It's always been a bad idea for consumer companies to get celebrities angry, because celebrities have millions of fans, and can rally those fans to fight. Now, with the Internet and social media, it's easier for people to achieve celebrity and the power to significantly damage companies. That's a lesson that Maytag is learning the hard way, from blogger Heather Armstrong, who writes Dooce.
It's always been a bad idea for consumer companies to get celebrities angry, because celebrities have millions of fans, and can rally those fans to fight. Now, with the Internet and social media, it's easier for people to achieve celebrity and the power to significantly damage companies. That's a lesson that Maytag is learning the hard way, from blogger Heather Armstrong, who writes Dooce.Maytag made the mistake of crossing Heather, a popular blogger who writes humorously about parenting, homemaking, and family. My wife and I have been fans of Heather for several years; I even profiled her for InformationWeek.
How did Heather and Maytag lock horns? Well, the Armstrongs have a newborn daughter, their second. They bought a new top-of-the-line Maytag washing machine, because she knew with a newborn they'd be doing quite a lot of laundry. From the very beginning, the machine was a lemon. On her blog, Heather describes her mounting frustration at trying unsuccessfully to get Maytag to fix her machine.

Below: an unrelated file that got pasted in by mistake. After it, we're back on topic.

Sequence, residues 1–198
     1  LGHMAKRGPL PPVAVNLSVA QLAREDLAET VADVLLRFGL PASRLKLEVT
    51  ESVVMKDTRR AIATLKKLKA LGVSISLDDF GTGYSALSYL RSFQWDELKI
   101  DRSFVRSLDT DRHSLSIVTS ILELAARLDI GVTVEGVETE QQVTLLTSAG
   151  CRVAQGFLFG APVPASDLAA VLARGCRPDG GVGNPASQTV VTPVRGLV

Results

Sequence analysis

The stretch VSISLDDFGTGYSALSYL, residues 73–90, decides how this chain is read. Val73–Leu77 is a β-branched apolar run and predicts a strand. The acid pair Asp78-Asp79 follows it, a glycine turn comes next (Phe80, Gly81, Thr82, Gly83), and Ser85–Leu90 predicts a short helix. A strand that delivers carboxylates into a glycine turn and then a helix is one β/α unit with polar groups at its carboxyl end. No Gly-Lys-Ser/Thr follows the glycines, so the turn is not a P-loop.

So I call Maytag. The Maytag. The Mothership. And the agent I get after working through a five-minute maze of PRESS THIS and SAY THIS and PLEASE HOLD is the snootiest customer service person I have ever talked to in my life. And I let her know the entire story, front to back, and that while I'm really upset and sleep deprived, I'm not mad at her because I know it's not her fault. And she keeps saying, yeah, can't really help you, you're going to have to call and have the history faxed over, and then we'll take a look, and even then we'll schedule someone to come take a look, maybe in three to five days?
Why can you not give me a working washing machine in the meantime while you figure out what is wrong with the brand new one that is sitting there broken in my laundry room? Why? I'll take any machine. Any working machine. Give me a machine that works while you figure out why THAT BRAND NEW ONE DOESN'T WORK.
Okay then, I say, almost begging at this point, almost to the point of tears, is there anyone I can talk to who might see what I've been through and understand? And here's where I say, do you know what Twitter is? Because I have over a million followers on Twitter. If I say something about my terrible experience on Twitter do you think someone will help me? And she says in the most condescending tone and hiss ever uttered, "Yes, I know what Twitter is. And no, that will not matter."
That is what she said to me.
So I asked if I could please speak to her supervisor. And I am not even kidding she goes, "Uggh. Fine. Hold, then."
She UGGGH'ed me.
(I've just upset the Cro-Magnons.)
And then I spend the next fifteen minutes giving my story to her supervisor, pleading for someone to fix my washing machine today or at least give me a working machine in the meantime, and he says no, but maybe we'll schedule someone to come take a look, maybe in three to five days?
Okay then. I hang up the phone, calmly walk over to my computer, pull up a browser and write this twitter:
She follows up with several screenshots of her Twitter updates: